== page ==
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Microsprinklers Can Help Growers Weather Drought

ALCALDE - Walter Lea, an apple and peach grower in Lyden, spent nearly $12,000 this spring to install a new, under tree microsprinkler system to irrigate his two-acre orchard.

NMSU fruit specialist Ron Walser supervises a new experimental orchard featuring a microsprinkler system at the Sustainable Agriculture Science Center at Alcalde. Microsprinklers have the potential to cut water use nearly in half, improve productivity and protect orchards from late spring frost. (06/07/2002) NMSU Agricultural Communications Photo by Norman Martin)

But Lea expects to rapidly recoup his investment thanks to the system's potential to cut his water use nearly in half, improve his trees' productivity and protect his orchard from late-spring frost.

Microsprinklers are installed underneath trees and vines in orchards and vineyards, where they gently spray a mist of water. The moisture softly sinks into soil, avoiding runoff. And because the microsprinklers soak the lower trunks and shaded soil rather than the sun beaten-foliage above, evaporation is substantially reduced.

"Microsprinklers are much more water efficient than flood irrigation, and they help produce healthier trees by eliminating or reducing diseases like root rot," Lea said. "Then there's the huge advantage of frost control. If this system works the way it's designed to, it will basically pay for itself."

Used widely in Washington State and other fruit-growing areas, microsprinklers are under study at New Mexico State University's Sustainable Agriculture Science Center at Alcalde.

"It's entirely new to New Mexico, but I expect many growers will adopt the system once they see all the benefits," said Ron Walser, an NMSU fruit specialist who is supervising the research.

Most New Mexico fruit growers use flood irrigation, which is only about 50 to 60 percent efficient, Walser said. Microsprinklers are generally 80 to 85 percent efficient, so growers can irrigate the same area with 30 to 40 percent less water.

Microsprinklers eliminate the flooding and drying cycles that damage tree roots and deprive them of oxygen, Walser said. That helps reduce root rot and other diseases.

In addition, because moisture from sprinklers spreads out along the entire orchard floor, tree roots will expand beyond planting rows, using the whole orchard. The extra moisture permits cover crops, like peas, to grow along the orchard floor, which can improve soil fertility by adding organic matter and nitrogen to soil.

Cover crops also increase the frost control of microsprinkler systems. "The system moistens the whole orchard area under trees so that when temperatures drop close to freezing, growers turn on the microsprinklers to allow frost or ice to form on the orchard floor," Walser said. "As the water freezes, it gives off heat and warms up the whole environment. I've seen up to five degrees protection from these systems, especially if there's a good cover crop to capture more water along the orchard floor."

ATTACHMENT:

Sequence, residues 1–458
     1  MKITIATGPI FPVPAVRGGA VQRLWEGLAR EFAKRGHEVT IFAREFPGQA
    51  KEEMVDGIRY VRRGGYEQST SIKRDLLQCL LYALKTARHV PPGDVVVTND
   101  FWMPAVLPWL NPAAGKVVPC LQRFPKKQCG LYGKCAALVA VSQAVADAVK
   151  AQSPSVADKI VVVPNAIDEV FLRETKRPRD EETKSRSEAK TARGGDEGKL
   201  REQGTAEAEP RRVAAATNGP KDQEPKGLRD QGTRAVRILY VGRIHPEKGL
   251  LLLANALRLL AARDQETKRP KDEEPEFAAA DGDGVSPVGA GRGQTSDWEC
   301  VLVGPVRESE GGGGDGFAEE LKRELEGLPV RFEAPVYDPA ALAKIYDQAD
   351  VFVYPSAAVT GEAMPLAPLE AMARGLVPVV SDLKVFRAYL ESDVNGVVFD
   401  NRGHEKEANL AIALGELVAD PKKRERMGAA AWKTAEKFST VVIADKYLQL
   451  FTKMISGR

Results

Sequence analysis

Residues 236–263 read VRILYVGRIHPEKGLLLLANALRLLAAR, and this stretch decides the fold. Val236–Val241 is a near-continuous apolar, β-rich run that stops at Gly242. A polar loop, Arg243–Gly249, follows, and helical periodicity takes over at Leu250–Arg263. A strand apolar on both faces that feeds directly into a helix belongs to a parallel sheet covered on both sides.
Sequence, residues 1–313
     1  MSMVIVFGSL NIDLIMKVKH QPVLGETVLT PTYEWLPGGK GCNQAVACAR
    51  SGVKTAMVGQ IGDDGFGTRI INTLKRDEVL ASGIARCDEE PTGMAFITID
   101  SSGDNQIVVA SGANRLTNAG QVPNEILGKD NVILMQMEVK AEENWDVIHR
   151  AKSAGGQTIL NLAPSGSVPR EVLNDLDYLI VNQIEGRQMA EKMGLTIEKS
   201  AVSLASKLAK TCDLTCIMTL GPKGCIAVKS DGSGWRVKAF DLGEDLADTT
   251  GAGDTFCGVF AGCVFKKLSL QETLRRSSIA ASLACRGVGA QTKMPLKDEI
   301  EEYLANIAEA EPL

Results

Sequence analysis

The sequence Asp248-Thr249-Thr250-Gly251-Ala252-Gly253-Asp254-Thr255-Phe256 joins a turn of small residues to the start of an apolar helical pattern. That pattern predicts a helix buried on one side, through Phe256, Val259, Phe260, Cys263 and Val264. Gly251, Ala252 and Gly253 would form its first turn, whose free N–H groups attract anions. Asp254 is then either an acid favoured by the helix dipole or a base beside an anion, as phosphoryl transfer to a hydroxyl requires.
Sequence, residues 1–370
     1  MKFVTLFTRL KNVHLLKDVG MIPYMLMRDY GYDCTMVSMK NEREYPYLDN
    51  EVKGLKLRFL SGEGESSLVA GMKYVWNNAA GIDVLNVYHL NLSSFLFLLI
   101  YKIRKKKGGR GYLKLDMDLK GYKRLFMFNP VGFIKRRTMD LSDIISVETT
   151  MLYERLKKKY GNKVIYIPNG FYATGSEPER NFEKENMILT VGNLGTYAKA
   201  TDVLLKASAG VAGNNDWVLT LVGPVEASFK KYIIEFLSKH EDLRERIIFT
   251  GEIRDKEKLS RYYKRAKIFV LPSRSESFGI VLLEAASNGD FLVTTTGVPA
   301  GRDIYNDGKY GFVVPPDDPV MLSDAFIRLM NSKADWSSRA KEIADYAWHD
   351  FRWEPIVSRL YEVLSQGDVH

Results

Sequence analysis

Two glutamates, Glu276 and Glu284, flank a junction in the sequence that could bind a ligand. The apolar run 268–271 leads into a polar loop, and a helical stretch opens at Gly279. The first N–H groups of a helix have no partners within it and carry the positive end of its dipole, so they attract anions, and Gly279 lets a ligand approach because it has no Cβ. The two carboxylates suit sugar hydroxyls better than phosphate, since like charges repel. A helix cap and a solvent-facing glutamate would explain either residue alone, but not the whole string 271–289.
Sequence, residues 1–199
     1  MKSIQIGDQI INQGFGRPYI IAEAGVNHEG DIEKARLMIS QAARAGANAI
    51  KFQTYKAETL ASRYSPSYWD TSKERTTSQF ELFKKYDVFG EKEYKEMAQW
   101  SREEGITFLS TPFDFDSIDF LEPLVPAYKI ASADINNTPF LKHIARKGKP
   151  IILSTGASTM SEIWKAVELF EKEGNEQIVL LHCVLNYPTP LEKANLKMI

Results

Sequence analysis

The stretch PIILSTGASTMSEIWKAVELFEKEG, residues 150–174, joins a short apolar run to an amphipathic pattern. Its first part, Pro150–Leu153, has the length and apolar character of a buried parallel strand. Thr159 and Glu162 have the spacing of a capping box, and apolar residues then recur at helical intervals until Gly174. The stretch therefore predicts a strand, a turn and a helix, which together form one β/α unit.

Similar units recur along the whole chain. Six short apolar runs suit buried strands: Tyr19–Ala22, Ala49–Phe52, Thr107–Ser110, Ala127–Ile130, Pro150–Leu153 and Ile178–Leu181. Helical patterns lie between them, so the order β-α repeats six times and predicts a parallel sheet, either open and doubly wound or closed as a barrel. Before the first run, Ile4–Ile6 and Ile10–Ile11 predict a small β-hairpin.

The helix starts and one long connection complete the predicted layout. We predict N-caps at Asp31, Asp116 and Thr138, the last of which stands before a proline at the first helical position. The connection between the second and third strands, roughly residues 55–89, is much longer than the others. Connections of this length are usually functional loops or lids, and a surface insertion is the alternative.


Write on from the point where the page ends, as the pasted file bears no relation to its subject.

Frost control may prove to be one of the system's most appealing qualities, especially for northern New Mexico growers who frequently lose part, and sometimes all, of their fruit to late spring frost.

Walser will test the system's varied benefits during the next three growing seasons on a five-acre plot at the science center, where organic fruit trials are just beginning. Microsprinklers are already irrigating a half-acre vineyard on the plot, as well as newly planted rows of fruit trees.

Walser is now comparing water usage at the center's vineyard with two private vineyards in Dixon and Abiquiu that use flood and drip irrigation systems, respectively. Moisture monitoring devices have been installed to measure surface and subsurface moisture levels at all three vineyards.

In future trials, Walser will measure water usage for fruit trees, comparing microsprinkler irrigation at the center with flood systems at private orchards. He'll also measure the microsprinklers' effect on temperatures in the center's vineyard and orchard, as well as soil fertility and fruit health.

As one of the first growers to adopt the system, Lea will participate in the research once his microsprinklers are fully functional this summer.

"I have high hopes for this system," said Lea, who plans to irrigate two acres of newly planted high-density peach and apple trees with microsprinklers. Lee expects to recoup about 50 percent of the system's cost from the U.S. Department of Agriculture's Natural Resources Conservation Service, which pays half the cost of the more efficient irrigation system.

"I expect those trees to produce a total of $25,000 per year in about three years," Lea said. "Apart from all the other benefits, if the microsprinklers protect the trees against frost and save just one crop, I'll have recouped the entire investment."